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Occurrence of Wasmannia auropunctata (Hymenoptera: Formicidae) in forests of northern Argentina
Ouro Preto, Minas Gerais, Brasil
Simposio; XIX Simpósio de Mirmecologia e I Simpósio Franco-Brasileiro de Mirmecologia; 2009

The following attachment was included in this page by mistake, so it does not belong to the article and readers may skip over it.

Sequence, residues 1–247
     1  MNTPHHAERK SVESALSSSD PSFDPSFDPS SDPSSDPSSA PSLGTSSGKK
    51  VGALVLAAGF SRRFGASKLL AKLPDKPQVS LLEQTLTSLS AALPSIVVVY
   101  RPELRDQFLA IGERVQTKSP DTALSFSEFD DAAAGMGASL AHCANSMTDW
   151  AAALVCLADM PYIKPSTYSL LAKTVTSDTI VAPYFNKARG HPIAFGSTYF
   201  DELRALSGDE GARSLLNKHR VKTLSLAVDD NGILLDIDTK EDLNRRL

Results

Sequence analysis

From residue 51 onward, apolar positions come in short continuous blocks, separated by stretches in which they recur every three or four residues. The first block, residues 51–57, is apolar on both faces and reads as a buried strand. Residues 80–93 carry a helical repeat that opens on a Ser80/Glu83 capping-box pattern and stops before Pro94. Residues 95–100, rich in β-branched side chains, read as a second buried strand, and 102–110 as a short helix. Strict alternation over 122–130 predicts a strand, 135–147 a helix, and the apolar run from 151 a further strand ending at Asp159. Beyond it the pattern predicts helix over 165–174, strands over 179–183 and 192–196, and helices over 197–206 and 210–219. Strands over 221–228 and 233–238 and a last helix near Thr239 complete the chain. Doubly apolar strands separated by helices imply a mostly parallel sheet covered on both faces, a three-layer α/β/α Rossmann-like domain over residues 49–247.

The Little Fire Ant (LFA), Wasmannia auropunctata, is native to South and Central America and has spread fairly recently around the Pacific. It is now a serious pest in archipelagos such as Hawaii and Galapagos, where infestations are disrupting agricultural practices and threatening wildlife. In October 2008, SABCL started a program to find natural enemies for their potential use in both archipelagos. Three field surveys were conducted in 38 sites in northern Argentina to search for LFA and natural enemies. Surveys were focused in three types of natural forests: 1) Yungas (little modified low mountain forest) in northwestern Argentina, 2) Paranaense (Atlantic semi-evergreen moist forest) in northeastern Argentina and 3) Chaco/Espinal (mostly gallery forest) in central northern Argentina. A total of 665 samples of ants were obtained using sieves (6 per site in average) and baits (14 per site in average); 146 plots (0.25-m2) were sampled: 55 in Yungas, 46 in Paranaense, and 45 in Chaco/Espinal. The leaf litter of each plot was collected and sieved (1x1 cm) to a white plastic tray. Ants were collected with forceps and kept in 96% alcohol for their identification. Baits (1-2g of canned tuna on paper cards) were exposed for 45 min. In each site, baits were placed on the ground every 10-20m along a 200-m transect. Ants were attracted to a total of 519 baits: 164 in Yungas, 172 in Chaco/Espinal, and 183 baits in Paranaense. A total of 98 species was found in the Paranaense, 67 in Chaco/Espinal, and 55 in the Yungas; however, the mean number of species per sample was similar in the 3 regions. Wasmannia auropunctata was found up to 34º13´ south latitude and between 45 and 750 m of altitude. The presence of the LFA was 3 times higher in the Chaco/Espinal, occurring in 8 (72.7%) of the 11 sites. The LFA was 3-5 times more abundant in the Chaco/Espinal, being found in 25 (11.4%) of the 220 samples. Other Wasmannia spp. occurred with LFA: 1) Wasmannia sp. 1 was found for the first time in Argentina in the Chaco/Espinal. This non-described species is similar to that reported by Alex Wild (Wasmannia cf. alw01) for Paraguay; 2) Wasmannia sulcaticeps was found in the Yungas at 690-750 m of altitude; it co-occurred with W. auropunctata only in Calilegua at 750 m of altitude; 3) Wasmannia cf. rochai was found also for the first time in Argentina in the Paranaense at 192-243 m of altitude, but it did not co-occur with the LFA. So far, natural enemies were not found. Alarm pheromones are being used to improve the search of LFA colonies in the field.